The Kingkiller Chronicles jumped way up on my list of favorite reads. Pat’s books are the first I’ve bought specifically for the purpose of giving away just to introduce friends to his work. I joined a Facebook group of fans and they all love these books probably more than me. Some have read the series dozens of times. I’ve only read through them once but will be re-reading them when the third book is announced to come out. These people love Pat and some have even seen him at expos and events and they all share their love of the story and it is just a fantastic group to be a part of even though I don’t participate much. I just love seeing all the stuff they talk about and the group keeps everyone informed about related news.

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The first book recommendation I wrote was for The Name of the Wind and it was a grossly underwhelming recommendation. I updated it to slightly amend that negligence, but it will always fall short. It does have a bigger version of this picture (right) which I bought from Litographs. It is made from the entire text of the first book. All 250,000+ words. Yeah, that picture is made from the words of the book (see below). It goes pretty much floor to ceiling but it’s awesome. I had to build the frame specifically for the poster. I think I may have gotten a link to it from the Facebook group. Anyway, it is always great to find fellow fans.20180107_165630.jpg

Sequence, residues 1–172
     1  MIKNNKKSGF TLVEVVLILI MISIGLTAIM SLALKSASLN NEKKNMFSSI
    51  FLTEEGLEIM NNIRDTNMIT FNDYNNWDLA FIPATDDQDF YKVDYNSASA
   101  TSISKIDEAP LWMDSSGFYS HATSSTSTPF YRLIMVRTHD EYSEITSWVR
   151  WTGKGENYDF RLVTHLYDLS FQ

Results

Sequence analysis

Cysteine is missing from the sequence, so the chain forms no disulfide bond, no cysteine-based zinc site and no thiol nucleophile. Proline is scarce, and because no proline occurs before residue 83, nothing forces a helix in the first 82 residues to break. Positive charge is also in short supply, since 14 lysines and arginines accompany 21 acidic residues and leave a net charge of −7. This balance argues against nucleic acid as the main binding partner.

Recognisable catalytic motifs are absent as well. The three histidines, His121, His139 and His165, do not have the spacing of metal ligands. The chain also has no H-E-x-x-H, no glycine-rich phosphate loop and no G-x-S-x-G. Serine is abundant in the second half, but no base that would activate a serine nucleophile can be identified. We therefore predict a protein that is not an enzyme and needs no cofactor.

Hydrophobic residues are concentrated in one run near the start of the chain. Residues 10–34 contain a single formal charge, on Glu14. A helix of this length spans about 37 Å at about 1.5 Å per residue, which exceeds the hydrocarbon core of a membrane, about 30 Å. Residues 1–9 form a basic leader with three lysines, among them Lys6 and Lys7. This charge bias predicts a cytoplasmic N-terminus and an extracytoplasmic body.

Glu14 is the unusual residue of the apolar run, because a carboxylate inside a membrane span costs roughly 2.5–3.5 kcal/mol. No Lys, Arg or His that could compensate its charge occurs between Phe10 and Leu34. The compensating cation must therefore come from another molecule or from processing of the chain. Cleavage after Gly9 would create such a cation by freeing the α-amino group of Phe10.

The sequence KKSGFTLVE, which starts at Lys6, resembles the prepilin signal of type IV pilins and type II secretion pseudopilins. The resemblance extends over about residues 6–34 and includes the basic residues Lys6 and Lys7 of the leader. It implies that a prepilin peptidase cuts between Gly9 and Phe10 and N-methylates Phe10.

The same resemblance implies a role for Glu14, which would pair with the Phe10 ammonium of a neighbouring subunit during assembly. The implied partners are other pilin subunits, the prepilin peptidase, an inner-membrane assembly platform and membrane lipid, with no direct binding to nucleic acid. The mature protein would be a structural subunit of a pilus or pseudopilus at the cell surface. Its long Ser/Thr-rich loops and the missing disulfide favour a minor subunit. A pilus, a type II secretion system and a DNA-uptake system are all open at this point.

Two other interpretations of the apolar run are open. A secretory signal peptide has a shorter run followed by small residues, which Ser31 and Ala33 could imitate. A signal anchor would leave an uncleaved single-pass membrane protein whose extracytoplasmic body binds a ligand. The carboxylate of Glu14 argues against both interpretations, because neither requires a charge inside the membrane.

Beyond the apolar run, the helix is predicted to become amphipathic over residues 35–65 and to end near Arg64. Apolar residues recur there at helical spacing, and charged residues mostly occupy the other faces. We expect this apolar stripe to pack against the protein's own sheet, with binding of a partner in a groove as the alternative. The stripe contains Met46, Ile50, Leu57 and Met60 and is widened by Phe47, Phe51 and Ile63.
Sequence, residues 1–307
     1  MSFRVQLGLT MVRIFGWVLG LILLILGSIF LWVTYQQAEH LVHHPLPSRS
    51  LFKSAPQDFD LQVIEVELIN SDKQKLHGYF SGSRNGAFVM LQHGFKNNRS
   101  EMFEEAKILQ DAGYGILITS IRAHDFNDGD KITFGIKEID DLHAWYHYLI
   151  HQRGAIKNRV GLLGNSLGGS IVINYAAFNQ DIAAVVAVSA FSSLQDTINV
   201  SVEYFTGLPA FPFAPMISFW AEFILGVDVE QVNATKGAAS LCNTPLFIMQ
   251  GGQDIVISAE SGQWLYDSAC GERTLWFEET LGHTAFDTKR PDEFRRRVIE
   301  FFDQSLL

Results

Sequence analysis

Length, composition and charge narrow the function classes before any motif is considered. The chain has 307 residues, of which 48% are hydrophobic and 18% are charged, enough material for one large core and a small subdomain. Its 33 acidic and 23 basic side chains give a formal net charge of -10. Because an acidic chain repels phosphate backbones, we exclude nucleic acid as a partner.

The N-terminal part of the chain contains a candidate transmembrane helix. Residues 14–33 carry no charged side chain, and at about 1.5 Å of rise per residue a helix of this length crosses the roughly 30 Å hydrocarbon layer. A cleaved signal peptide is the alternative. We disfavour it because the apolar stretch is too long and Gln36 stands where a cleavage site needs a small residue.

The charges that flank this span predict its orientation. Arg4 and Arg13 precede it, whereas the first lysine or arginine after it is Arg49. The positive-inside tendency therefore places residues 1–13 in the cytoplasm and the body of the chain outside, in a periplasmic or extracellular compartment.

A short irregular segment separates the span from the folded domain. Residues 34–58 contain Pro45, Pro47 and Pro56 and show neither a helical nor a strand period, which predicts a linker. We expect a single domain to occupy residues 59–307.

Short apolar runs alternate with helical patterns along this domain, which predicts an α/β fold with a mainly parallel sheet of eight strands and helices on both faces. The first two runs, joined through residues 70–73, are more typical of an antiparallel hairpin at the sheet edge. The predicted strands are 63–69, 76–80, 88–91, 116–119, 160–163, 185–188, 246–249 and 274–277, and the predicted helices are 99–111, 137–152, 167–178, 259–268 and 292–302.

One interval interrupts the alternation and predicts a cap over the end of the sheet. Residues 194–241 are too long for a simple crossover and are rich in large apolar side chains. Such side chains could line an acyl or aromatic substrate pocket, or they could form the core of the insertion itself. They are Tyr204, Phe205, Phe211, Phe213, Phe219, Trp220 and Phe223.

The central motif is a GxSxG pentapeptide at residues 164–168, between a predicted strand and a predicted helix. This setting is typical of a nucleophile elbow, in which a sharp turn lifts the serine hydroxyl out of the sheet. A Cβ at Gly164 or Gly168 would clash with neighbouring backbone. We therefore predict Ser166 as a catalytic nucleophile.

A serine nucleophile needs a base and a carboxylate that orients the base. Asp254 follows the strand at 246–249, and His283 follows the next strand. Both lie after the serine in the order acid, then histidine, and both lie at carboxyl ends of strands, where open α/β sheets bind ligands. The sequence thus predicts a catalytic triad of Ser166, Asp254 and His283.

Now, there are some people who have been criticizing Pat for how long it is taking for book three to come out. I wrote a post that will be up soon about “fan etiquette” that discusses the last season of Game of Thrones so I won’t go into my “be a good fan” speech here. Instead I will simply say that I understand their frustration but I also understand Pat’s situation. His first book became a bestseller, and rather quickly. He even talks about writing sequels in the video above with Sabaa. He is a thorough writer and I do not mind waiting for book three or anything he works on for that matter. He is incredibly talented and I have an inkling that book three will be even larger than book two. It will probably destroy its readers emotionally as well. As good stories do. Book three does have a supposed title which is The Doors of Stone. Pat says he will provide us the book when it is ready. I can’t wait but I will, patiently, as should everyone.